I have a question for you today, should we still using the Agile Manifesto? Before you thought of an answer let me give you some context about it.
20 years ago, 17 software practitioners went to ski to the Wasatch mountains in Utah. The intention was to relax, talk, ski and gather around.
Believe it or not, the result of that experience was the Agile Manifesto. They discussed an alternative to documentation and heavyweight software development processes.
They called themselves “The Agile Alliance”. Considered as group of independent thinkers about software development. And created the Manifesto for Agile Software Development on February 2001.
Who is the The Agile Alliance?
The group was formed with different roles in the software development industry, some of them partners and others competitors between each other.
Meet all 17 members who signed the original Agile Manifesto back in 2001:
- Kent Beck, who co-created eXtreme Programming (XP)
- Mike Beedle, co-author of Agile Software Development with Scrum
- Arie van Bennekum, owner of Integrated Agile
- Alistair Cockburn, IT strategist and creator of the Crystal Agile Methodology
- Ward Cunningham, inventor of wiki and first to coin term technical debt
- Martin Fowler, software practitioner, and partner at Thoughtworks
- James Grenning, author of Test-Driven Development
- Jim Highsmith, creator of Adaptive Software Development (ASD)
- Andrew Hunt, co-author of The Pragmatic Programmer
- Ron Jeffries, co-creator of eXtreme Programming (XP)
- Jon Kern, who still helps organizations with agile today
- Brian Marick, a computer scientist and author of several books on programming
- Robert C. Martin, also known as “Uncle Bob,” who consults via Clean Coding
- Steve Mellor, a computer scientist also credited with inventing Object-Oriented System Analysis (OOSA)
- Ken Schwaber, who co-created Scrum with Jeff Sutherland
- Jeff Sutherland, the inventor, and co-creator of Scrum
- Dave Thomas, programmer, and co-author of The Pragmatic Programmer
And what does the Agile Manifesto says?
The manifesto states the following:
We are uncovering better ways of developing software by doing it and helping others do it. Through this work we have come to value:
Individuals and interactions over processes and tools
Working software over comprehensive documentation
Customer collaboration over contract negotiation
Responding to change over following a plan
That is, while there is value in the items on the right, we value the items on the left more.
Did you sense the last phrasing of the Manifesto strongly powerful? Me too. And so do their founders!
“I personally didn’t expect that this particular group of agilites to ever agree on anything substantive.” Alistair Cockburn said. “Speaking for myself, I am delighted by the final phrasing [of the Manifesto]. I was surprised that the others appeared equally delighted by the final phrasing. So we did agree on something substantive.”
The Agile Manifesto not only focus on software development processes itself, instead gives more value to:
- Individuals and interactions
- Working software
- Customer collaboration
- Responding to change
The 4 Agile Values by ProductPlan
The Manifesto creates an atmosphere of respect and collaboration and beyond. In Jim Highsmith words, it’s the privilege to work with a group of people with a set of compatible values. Values based on trust and respect for each other. Promoting organizational models based on people, collaboration, and building the types of organizational communities in which we would want to work.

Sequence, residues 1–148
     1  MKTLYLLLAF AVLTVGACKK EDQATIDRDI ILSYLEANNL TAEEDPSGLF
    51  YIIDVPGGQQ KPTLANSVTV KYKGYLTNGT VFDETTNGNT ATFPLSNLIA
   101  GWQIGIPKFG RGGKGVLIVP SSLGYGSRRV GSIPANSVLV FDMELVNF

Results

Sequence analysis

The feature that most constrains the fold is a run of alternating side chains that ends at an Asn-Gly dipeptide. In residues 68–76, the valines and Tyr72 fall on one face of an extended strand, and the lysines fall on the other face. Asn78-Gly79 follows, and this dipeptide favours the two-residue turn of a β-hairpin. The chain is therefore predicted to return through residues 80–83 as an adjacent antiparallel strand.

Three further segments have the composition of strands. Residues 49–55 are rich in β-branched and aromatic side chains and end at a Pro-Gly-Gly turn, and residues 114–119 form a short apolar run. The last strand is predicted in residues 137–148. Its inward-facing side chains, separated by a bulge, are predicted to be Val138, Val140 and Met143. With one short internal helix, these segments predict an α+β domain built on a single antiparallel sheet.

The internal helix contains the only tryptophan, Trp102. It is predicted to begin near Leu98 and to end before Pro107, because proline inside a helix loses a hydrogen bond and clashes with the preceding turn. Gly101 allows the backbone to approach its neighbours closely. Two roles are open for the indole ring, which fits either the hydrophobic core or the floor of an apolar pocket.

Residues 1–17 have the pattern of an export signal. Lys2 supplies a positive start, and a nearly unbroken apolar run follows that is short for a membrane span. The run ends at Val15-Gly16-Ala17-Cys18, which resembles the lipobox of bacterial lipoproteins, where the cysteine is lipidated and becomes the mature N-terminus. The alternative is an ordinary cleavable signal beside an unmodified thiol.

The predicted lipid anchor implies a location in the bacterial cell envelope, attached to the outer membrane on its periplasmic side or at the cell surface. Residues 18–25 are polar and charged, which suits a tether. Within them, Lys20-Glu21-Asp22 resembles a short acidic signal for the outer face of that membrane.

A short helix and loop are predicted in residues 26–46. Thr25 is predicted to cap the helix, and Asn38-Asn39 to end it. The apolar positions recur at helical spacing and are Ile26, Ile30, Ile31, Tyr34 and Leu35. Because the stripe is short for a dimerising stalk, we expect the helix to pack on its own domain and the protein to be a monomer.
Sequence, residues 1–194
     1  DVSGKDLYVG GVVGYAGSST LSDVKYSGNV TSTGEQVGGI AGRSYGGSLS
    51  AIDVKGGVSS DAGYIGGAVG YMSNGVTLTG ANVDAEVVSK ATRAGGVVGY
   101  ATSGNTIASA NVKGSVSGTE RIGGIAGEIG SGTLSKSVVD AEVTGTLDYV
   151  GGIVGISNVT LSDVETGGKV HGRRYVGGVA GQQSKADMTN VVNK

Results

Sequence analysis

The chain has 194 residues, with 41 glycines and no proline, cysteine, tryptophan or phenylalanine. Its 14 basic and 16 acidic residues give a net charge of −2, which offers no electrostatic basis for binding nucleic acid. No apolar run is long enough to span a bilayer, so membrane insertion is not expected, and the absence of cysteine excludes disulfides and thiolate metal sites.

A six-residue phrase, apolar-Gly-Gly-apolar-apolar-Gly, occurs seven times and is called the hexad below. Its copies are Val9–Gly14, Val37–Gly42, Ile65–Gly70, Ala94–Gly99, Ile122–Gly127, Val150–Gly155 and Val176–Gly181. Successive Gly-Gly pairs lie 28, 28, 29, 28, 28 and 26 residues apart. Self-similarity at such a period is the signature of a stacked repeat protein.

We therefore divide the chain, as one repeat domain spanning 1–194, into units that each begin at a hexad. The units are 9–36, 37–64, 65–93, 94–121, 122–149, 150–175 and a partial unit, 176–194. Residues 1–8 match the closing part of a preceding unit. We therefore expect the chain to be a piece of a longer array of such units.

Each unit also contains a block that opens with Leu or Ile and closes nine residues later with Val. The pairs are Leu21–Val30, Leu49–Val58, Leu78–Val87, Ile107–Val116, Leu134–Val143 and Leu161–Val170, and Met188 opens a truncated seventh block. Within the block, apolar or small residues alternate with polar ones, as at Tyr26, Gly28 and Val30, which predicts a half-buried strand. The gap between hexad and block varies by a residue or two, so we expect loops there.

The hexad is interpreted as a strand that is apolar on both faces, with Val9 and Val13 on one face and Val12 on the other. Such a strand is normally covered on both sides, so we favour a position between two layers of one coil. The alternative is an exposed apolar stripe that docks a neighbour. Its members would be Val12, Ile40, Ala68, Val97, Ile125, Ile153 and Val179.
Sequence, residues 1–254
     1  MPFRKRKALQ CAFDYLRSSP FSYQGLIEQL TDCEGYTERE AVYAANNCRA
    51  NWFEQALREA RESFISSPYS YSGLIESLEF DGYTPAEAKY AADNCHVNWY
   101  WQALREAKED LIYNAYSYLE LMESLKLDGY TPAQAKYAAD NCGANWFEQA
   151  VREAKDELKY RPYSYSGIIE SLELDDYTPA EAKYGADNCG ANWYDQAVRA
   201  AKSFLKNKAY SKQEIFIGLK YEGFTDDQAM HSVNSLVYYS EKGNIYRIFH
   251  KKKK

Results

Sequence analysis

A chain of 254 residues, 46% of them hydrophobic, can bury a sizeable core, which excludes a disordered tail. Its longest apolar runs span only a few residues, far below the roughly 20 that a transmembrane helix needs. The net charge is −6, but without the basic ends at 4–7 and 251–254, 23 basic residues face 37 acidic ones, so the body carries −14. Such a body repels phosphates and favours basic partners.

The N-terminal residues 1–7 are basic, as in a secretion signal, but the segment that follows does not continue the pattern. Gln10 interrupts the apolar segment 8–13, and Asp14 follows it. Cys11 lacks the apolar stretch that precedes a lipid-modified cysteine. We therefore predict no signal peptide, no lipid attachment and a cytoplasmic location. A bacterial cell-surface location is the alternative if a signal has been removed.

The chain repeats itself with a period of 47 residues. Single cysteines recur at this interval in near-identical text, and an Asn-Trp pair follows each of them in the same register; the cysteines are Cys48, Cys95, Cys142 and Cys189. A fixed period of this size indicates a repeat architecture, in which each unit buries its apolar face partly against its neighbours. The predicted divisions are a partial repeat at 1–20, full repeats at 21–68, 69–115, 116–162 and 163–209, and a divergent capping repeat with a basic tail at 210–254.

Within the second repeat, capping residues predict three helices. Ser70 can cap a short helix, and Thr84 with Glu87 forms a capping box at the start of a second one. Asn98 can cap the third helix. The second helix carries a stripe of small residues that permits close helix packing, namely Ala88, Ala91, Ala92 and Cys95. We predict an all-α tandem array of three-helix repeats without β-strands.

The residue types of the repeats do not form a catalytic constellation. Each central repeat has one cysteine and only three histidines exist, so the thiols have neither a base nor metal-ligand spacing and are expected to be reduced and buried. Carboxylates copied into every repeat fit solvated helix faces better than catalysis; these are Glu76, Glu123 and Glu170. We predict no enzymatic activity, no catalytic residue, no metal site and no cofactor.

It’s about delivering good products to customers by operating in an environment that does more than talk about “people as our most important asset” but actually “acts” as if people were the most important, and lose the word “asset”.
If you want to know more about the values and principles of the Agile Manifesto I recommend to you these 2 great articles from ProductPlan:
A new era is coming
It’s been 20 years now! Things have changed a lot the last decades. Does the Agile Manifesto still valid nowadays?
Even though the Agile Manifesto will always be the remembered as a landmark in the whole software development history. It’s time to be do a big change.
Product Managers global influence it’s constantly increasing. From Jeff Bezos to Elon Musk, many PM leaders run some of the most innovative and successful companies around the world.
We need to define a new era for Product Management in a world that’s dealing with environmental changes, pandemics, the lack of diversity and inclusivity. All to make a positive change.
What can we do?
Product Manager Mayank Yadav, who has built products at Facebook, eBay, and Uber. Is gathering together a team of Product professionals who will help discover and define the principles for this new era.
“Product Managers at all stages of their careers need an actionable blueprint that will inspire them to become better at their jobs and ultimately help them make better products.” – Mayank Yadav
Product School and Product Manifesto are partnering to provide a framework for all Product Managers so we can:
- Leverage and benefit from it
- Build mastery
- Uplevel product quality
- Make a positive impact in the world
And guess what? They are inviting every Product Manager to be part of this historical change!
How to be part of the new Product Manifesto?
All you’ll have to do is to fill a quick survey! All the instructions are on the official Product Manifesto website. You can actually see the roadmap they have planned for the entire project.
This initiative will help to create an inclusive, credible, and actionable manifesto for all Product Managers around the world.
In a short survey, you can share your thoughts on the Product Manifesto and express the values that you believe PMs should live by.
Don’t miss out the opportunity to be part of a big change in the software development history!